Eating fuels your body with the nutrients it needs to maintain your tissues and organs, keep your cells running properly, and ultimately give you the energy to live your life to the fullest. But what happens when you’re constantly feeling sick after eating?
You’re about to dive into a plate full of delicious food. You get started, savoring the first bite, but then quickly devouring the rest, your plate whipped clean. You find yourself wishing you had more. But then it starts. The bloating. The gas. The abdominal pain. A familiar mix of symptoms that make you feel like crap and you have no idea why. Find out what and how you’re eating can play a part in why you don’t feel good after you eat.
5 reasons you don’t feel good after you eat
1. You’re stressed
Whether you realize it or not, stress greatly impacts digestive function. When you feel stress or anxiety, your body goes into fight or flight mode, a natural response that increases your heart rate, constricts blood vessels, and tightens muscles. In this state, the gut becomes vulnerable to inflammation, permeability (leaky gut), reflux, IBS (Irritable Bowel Syndrome), and even food allergies.
The fix: So the next time you sit down to eat, take a deep breath, relax, and be present while you eat—don’t multitask. This will go a long way in helping you properly digest and absorb the nutrients from the food you eat.
2. You’re not chewing properly
Did you know that digestion begins in the mouth? Even before you take a bite, your salivary glands are activated, secreting key enzymes that will break down your food. While you don’t really have to worry about that, you do need to be mindful of actually chewing your food. As your teeth tear up food, saliva softens and breaks it down to make it easy for the next stage of digestion, which happens in the stomach. But if you don’t chew your food enough, the breakdown doesn’t happen thoroughly, resulting in more work for the rest of the digestive tract. The act of swallowing huge chunks of food without chewing until your food pretty much liquefies can result in gas, bloating, and stomach pain.
The fix: Be sure to chew your food around 20 times before swallowing.
3. You have food sensitivities
If you are constantly experiencing pain and discomfort after eating, it’s time to do some investigating. Take note of what you eat at every meal and log it in a food diary. After a few weeks, it’s time to see if there is a pattern. Does bloating happen anytime gluten is involved? Does gas hit you hard anytime you snack on cheese? Is your afternoon coffee causing your evening diarrhea?
The fix: Whatever you discover, it’s time to give your body a break and stop eating the foods that trigger negative reactions.
4. You’re laying down after meals
While it might feel good to lay down immediately following a meal, you’ll quickly realize it feels a lot worse than if you were to have gone for a stroll or remain upright. This is because laying down puts the body in a position prone to indigestion and heartburn.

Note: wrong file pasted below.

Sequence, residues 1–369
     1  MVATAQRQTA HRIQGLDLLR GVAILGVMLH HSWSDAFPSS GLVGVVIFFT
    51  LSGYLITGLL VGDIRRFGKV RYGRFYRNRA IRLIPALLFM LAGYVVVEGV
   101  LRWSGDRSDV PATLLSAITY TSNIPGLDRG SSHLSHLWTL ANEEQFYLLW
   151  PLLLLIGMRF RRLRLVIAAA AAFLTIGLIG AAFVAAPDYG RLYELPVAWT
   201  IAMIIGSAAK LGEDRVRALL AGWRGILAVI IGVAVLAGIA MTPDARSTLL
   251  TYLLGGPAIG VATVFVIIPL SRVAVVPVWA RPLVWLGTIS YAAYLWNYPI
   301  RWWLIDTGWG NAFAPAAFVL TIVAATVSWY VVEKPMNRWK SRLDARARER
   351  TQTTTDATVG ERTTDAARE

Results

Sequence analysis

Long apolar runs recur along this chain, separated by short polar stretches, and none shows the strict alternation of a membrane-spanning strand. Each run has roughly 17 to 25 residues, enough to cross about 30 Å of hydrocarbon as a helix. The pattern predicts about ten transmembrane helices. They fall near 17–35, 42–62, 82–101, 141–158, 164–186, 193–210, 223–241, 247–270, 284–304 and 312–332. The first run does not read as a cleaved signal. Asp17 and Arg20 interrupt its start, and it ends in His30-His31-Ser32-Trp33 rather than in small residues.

The fix: Give yourself at least two to three hours before bed to digest dinner. To help digestion, stay upright after eating. You can even go for a walk after you eat, which research has shown helps speed up the time it takes for food to travel from your stomach to your small intestine.
5. You’re overdoing it on carbonated drinks
Drinking carbonated drinks in excess can put stress on the digestive system and cause uncomfortable bloating that doesn’t seem to dissipate. Such symptoms can occur after drinking more than just one glass of a carbonated beverage. This is because when you’re drinking carbonated beverages, much of what you’re ingesting are large pockets of air. These pockets can get trapped in your stomach and cause bouts of abdominal pain and gas as a result.
The fix: Rather than opting for a bubbly beverage like sparkling water or kombucha, opt for something flat without bubbles. This will be easier on your stomach and actually aid digestion and ease of elimination, something carbonated beverages don’t encourage.
Eating is supposed to be a pleasurable experience, not a painful one. If you’ve been experiencing abdominal pain, gas, bloating, brain fog, and irregular bowel movements, it’s time to consider making some essential changes! Your body will thank you.
How to Improve Your Digestive Health
Since your digestive system is a long and complex system, starting from your mouth and ending at your anus, there are many things that can go wrong along the way. We know that how we live and eat has a direct impact on our digestive system and how well it functions. By incorporating these biohacks for a healthier gut, you may be able to help your digestive system function more efficiently.
If you regularly experience symptoms of feeling sick after you eat and still aren’t sure what could be causing it, it’s best to consult with a doctor to help you determine what it could be.
Final Thoughts on Why You Don’t Feel Good After You Eat
- Eating is supposed to be pleasurable, so if you experience regular pain, gas, bloating, brain fog and IBS, it’s time to consider what is at the root cause of your symptoms.
- Top reasons you may feel nauseous after you eat include a potential undiagnosed food sensitivity, chronic stress, or not chewing your food properly.
- Improving your digestive health will help your digestion function more efficiently and can improve your overall health.